Hey all. I hope everyone reading this is doing well. My love goes out to my family back in the States. We just lost Uncle Harry, a man who is responsible for our family being able to have the opportunity the US provides and a man who has raised a kind, loving family.
I haven’t posted in a while and mostly because my adventures have left me exhausted. It has been filled with soccer (football) games, motorbike adventures, sunrise and sunset at holy sites, late night clubbing and great food. I promise to do them all justice eventually.
For now, I’ve started my study abroad portion of my SEA adventure. I flew into Kuala Lumpur (KL) yesterday morning. There has been fires in Indonesia, on the island of Sumatra and has caused terrible haze here in KL and in Singapore. Everyone spoke about the pollution in Jakarta, but since the haze, the air quality is even worse in KL!
There are 8 students in the program, 4 men and 4 women, all from different backgrounds and fields of study. We will be studying globalization, traditional and non-traditional security and governance with respect to Malaysia, Indonesia, the ASEAN region and US and Chinese relations. An ambitious agenda, made possible by our professor, Pek Koon Heng, a native Chinese Malay.
to Indonesia, the Chinese influence is much more apparent here in KL. Radio stations are in Chinese (both Cantonese and Mandarin) and walking up and down the street you can here Chinese dialects being spoken. The amount of English speakers also far outweighs Indonesia.
We are staying at HELP University, in a beautiful residence, on the top floor of the dormitories. This floor is usually reserved for visiting professors and scholars and has great amentities including a huge TV with all the movie channels and a great view of KL.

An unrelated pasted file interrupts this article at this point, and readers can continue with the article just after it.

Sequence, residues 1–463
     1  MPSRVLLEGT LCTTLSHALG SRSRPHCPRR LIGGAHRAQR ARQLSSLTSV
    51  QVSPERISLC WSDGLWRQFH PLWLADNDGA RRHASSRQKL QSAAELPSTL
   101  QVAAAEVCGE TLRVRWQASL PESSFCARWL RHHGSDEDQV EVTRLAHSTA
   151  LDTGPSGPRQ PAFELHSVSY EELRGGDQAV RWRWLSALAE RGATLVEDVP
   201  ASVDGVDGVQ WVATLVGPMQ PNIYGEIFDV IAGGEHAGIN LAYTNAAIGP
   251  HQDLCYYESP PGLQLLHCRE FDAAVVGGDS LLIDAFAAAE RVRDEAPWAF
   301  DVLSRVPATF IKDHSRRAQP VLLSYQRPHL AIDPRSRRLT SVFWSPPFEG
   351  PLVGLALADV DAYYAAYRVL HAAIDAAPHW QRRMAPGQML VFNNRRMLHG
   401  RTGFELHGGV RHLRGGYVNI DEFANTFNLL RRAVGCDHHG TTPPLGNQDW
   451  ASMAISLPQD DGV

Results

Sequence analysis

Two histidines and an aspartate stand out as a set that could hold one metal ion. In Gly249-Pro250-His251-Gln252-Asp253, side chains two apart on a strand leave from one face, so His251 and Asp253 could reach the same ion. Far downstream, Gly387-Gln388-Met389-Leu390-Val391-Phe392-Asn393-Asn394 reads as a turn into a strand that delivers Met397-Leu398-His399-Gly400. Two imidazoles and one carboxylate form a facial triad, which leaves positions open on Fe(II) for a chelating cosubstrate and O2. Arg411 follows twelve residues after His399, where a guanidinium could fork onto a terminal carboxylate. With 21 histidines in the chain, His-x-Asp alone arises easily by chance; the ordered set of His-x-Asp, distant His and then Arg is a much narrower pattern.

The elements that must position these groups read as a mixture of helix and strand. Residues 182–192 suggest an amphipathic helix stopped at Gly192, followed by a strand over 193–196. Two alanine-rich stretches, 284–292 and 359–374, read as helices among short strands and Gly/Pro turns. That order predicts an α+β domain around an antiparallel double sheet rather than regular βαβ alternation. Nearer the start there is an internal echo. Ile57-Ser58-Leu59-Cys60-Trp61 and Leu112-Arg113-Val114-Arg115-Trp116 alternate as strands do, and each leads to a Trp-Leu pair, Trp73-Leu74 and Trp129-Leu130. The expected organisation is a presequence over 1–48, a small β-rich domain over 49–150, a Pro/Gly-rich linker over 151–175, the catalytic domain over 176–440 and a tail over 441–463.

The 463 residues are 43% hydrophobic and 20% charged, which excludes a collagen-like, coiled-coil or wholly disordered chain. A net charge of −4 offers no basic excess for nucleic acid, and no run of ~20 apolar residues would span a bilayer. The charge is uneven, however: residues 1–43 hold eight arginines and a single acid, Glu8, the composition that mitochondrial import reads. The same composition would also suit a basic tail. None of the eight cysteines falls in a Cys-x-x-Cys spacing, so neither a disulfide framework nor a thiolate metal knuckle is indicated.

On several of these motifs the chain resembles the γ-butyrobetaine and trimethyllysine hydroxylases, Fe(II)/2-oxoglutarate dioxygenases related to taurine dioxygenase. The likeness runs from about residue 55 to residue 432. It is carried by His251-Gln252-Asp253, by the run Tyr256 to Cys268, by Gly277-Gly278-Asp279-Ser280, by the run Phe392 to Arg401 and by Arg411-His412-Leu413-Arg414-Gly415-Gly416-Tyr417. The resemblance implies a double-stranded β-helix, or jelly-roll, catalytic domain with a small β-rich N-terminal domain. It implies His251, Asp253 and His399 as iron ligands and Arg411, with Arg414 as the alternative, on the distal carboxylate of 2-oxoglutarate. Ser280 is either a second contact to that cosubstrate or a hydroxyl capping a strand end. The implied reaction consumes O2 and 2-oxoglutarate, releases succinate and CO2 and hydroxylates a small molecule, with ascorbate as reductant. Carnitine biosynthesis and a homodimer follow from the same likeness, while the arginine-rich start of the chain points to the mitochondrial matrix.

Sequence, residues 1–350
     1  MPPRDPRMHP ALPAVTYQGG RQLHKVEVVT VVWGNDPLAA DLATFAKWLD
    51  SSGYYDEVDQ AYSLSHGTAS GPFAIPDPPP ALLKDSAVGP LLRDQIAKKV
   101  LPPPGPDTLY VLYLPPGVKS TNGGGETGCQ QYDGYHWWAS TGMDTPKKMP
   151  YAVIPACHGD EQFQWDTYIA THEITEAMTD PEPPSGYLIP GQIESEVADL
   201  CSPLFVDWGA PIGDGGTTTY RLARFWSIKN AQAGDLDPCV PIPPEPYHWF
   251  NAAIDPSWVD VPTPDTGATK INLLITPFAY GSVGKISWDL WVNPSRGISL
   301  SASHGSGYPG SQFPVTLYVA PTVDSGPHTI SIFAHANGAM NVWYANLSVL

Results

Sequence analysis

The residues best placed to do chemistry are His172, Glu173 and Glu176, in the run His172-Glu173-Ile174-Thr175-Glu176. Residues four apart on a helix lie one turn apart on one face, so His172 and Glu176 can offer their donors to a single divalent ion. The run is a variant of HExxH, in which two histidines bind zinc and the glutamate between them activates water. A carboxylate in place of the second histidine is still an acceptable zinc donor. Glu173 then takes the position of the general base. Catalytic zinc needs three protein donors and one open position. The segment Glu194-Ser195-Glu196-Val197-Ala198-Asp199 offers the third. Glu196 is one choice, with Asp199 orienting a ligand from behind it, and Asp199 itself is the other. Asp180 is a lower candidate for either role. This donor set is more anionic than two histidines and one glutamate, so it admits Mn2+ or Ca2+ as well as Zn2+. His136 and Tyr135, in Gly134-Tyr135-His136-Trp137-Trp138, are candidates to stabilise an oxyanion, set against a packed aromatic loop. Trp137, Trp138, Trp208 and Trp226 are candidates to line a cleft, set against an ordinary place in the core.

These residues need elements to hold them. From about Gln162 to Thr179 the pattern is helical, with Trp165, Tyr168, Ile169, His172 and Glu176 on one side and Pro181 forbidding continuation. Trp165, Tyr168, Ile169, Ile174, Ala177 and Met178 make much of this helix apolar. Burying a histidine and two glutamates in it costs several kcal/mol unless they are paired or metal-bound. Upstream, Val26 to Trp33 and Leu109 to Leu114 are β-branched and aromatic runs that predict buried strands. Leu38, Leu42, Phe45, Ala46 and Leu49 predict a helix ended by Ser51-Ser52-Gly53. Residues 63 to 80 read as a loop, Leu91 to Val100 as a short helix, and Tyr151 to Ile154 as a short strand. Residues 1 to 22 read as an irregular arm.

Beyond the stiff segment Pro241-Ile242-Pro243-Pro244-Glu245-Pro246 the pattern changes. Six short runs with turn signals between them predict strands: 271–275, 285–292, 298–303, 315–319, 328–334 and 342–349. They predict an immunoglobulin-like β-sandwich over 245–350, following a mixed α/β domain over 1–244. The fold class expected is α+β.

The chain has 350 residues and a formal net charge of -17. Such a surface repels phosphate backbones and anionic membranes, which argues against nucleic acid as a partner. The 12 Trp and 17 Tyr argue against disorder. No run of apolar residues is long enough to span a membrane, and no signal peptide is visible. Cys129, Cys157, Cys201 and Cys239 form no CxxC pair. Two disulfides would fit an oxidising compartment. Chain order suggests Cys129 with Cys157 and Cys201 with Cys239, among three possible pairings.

Today after meeting the President of HELP and taking a quick tour of campus, we had our first lecture. Although Malaysia has a long rich history, essentially many of the issues boil down to one thing: ethnicity. Since its independence from the British, the struggle to find equilibrium between the large Chinese population and the Malay population has colored most of its political history. The Chinese has generally been the elite class being the main business owners in Malaysia. Particularly after the riots on May 13, 1969, policies favoring Malays in everything from quotas for government posts, interest rates on loans and educational scholarships have been in place. Even HELP University itself is a private university, established because many other ethnic Chinese and Indians were unable to gain admission to public universities. While the ruling party, UMNO, who favors these Malay special privileges, has held power since independence, we are witnessing a turning point in Malaysian politics. An opposition coalition, comprised of Chinese and an emerging Malaysian urban middle class, has been gaining more power within the government, winning the popular vote in the 2013 elections and gaining 7 seats in the parliament. While it has yet to gain a majority, the concept of “one Malaysia” and equal rights for all Malays is gaining traction. It is through this lens that we will be having site visits and guest lectures by some of the leading experts and practitioners in Malaysian economics and politics. It is going to be a fascinating learning experience.